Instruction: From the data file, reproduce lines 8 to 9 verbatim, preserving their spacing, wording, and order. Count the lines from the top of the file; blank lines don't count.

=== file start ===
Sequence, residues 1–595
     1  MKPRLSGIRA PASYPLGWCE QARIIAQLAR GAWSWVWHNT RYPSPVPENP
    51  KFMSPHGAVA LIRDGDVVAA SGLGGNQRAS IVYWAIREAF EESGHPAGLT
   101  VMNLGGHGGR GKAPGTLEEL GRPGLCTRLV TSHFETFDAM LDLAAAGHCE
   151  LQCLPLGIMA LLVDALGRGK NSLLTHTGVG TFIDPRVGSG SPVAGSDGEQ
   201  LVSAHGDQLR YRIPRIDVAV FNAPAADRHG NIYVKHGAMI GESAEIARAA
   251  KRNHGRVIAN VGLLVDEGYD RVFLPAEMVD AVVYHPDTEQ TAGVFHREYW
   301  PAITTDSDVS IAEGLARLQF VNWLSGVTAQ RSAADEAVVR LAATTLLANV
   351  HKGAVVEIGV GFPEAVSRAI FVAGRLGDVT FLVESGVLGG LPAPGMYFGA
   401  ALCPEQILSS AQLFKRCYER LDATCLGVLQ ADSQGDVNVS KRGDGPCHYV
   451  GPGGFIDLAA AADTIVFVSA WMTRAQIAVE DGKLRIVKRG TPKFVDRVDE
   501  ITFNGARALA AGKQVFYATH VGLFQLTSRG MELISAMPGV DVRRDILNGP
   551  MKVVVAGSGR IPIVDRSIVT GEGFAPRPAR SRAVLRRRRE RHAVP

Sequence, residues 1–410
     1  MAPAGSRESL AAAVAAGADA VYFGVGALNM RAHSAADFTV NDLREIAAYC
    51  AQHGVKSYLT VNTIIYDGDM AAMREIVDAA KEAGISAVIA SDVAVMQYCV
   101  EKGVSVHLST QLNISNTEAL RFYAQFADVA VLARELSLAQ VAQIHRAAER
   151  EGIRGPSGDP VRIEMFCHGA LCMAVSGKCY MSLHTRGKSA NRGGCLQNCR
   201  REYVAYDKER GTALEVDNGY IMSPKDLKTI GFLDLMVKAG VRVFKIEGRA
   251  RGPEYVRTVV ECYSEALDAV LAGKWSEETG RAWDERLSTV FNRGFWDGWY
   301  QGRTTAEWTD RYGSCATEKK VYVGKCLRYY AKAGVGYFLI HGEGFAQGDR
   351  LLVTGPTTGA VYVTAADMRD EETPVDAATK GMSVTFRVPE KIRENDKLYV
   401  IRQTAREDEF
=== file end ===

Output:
   301  PAITTDSDVS IAEGLARLQF VNWLSGVTAQ RSAADEAVVR LAATTLLANV
   351  HKGAVVEIGV GFPEAVSRAI FVAGRLGDVT FLVESGVLGG LPAPGMYFGA